Amber B 40:33
Yeah, and I think that we can be that person for somebody else. Right?
Amber B 40:37
We can be that police officer. Have you ever found him again?
Amber B 40:43
I think he would love to hear your story.
I know, because he made such a positive impact. And he was such a part of that positive influence. It's such a dark time. And I'm so grateful for that law enforcement that are able to do that and be that for people because that's not the only time I've ever heard that of someone having that really good experience. Because all you hear is a lot of bad experiences.
Amber B 41:06
Sure, yeah. You know, you shared a lot of dark moments through your story. But I'm curious if there is one dark moment that maybe sticks out in your mind where, you know, you felt down, you felt like in despair, you felt like the world, you know, you maybe didn't want to live like it was bad enough that you were didn't even really want to live, How did you get yourself out of that? How did you get yourself out of that dark place or what was something that you used to be able to get into a place with a better headspace?
It was, it was actually that day that I reached out to my girlfriend and just said, I need help. I still vividly remember getting out of jail. And I remember driving around, it was almost like a movie moment where, like, everything outside had just stopped, it froze. And I was the only one there and it was the darkest, lonely feeling that I had ever had. And that was what continued to go through my mind was feelings of hopelessness, or just being tired, or just being done and there was no way out. And I was in that place for most of the day. And honestly, I prayed. And when I was done praying, again, my prayer had always been God, if I have to do another day like today, just let me die. And this prayer was very different. What do I need to do? And when I was finished with what I had, I would think I was scrolling through Facebook. And I had seen my girlfriend, she had posted something and automatically I reached out to her.
Amber B 43:03
So good. Through your experience, though, you know, your whole story that you're sharing. I know that you had a lot of shifts in mindset, you know, one that you kind of talked about early on was just this belief that you develop from a very young age that you get more positive attention when your body looks a certain way, right, when it's a certain size when you're pretty and starting to relate that worse to what your body looks like. That sounds like that was a belief that you know, hit you very early on. And that was pretty monumental for you. I'm curious, do you feel like you've been able to release that belief and if so, how? And are there any other beliefs that you have noticed you've shifted during your time of recovery?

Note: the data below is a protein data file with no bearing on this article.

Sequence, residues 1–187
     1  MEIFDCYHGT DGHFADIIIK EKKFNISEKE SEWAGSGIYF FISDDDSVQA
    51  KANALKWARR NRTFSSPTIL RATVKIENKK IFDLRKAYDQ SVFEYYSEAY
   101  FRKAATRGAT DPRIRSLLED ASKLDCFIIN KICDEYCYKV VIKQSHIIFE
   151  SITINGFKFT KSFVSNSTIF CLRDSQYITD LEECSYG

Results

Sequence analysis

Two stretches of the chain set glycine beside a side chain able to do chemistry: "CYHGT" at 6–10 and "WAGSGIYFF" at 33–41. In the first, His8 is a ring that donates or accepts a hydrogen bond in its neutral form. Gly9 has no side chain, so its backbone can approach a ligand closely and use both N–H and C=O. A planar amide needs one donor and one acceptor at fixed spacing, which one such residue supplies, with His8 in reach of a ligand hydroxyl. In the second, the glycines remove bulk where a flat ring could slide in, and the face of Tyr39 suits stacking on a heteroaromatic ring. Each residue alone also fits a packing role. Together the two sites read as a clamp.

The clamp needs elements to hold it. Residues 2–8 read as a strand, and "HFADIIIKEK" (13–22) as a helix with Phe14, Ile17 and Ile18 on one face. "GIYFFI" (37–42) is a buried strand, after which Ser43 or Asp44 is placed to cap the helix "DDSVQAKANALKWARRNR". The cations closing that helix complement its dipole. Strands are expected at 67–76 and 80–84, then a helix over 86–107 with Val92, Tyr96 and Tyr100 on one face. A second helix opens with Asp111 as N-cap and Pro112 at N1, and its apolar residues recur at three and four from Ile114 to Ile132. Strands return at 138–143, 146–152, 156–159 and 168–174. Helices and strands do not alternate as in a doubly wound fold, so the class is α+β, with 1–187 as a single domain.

Yeah. I don't think that I have completely removed that belief. I think that's going to be one of those things that I have to continuously work on. Because at some points, I fall back into that same way of thinking. And so, like I told you, unless I'm doing my dailies, and I'm very aware of my thoughts and my feelings, this guy can fall back into those same patterns pretty quick, those same things that but our beliefs that I grew up with, and in most of my adult life to had, I can quickly fall back into those mindsets. And so that is something that I have to have to be aware of, and that I have to continuously work on. Otherwise, I know that it can happen very quickly and I've seen it happen very quickly. I've got a lot of working in the field of addiction and mental health and working in the field of fitness and nutrition, I see that a lot with people that I work with past clients, people that I went to treatment with even co-workers that are in recovery, because most of the people that I work with, are in recovery.
And so I have to take care of my spiritual, mental, and physical condition every single day. That is something that I don't take lightly and that I honestly have to just be super, super aware all the time. Other mindsets and shifts that I've had, along with growing up just feeling that you have to be skinnier, pretty to be somebody, I also grew up with this other self-limiting belief that I was not smart, that I was stupid. And that goes along with just you know, your self-worth. And so I grew up with this belief that I was not smart, and that I was stupid, and I was not capable of really anything. If I wasn't skinny, and when I wasn't pretty, I was nothing right. And so and that was another belief that I have actually really worked on. And that's something that I've done with affirmations. You know, when you start telling yourself, you start believing these things that you tell yourself, so if you're going throughout the day with this negative self-talk of you are stupid, you're not enough, you are fat, you're gonna believe it, and then what you say, and what you believe, will transpire, right, you will start living that life. And so that's something in order to change my mindset and my limiting beliefs and the things that I thought about myself, I've actually really had to work very hard on daily positive affirmations. And then when I have that negative self-talk come through, doing anything, telling myself that I'm stupid because that's a big one, that I used to tell myself a lot.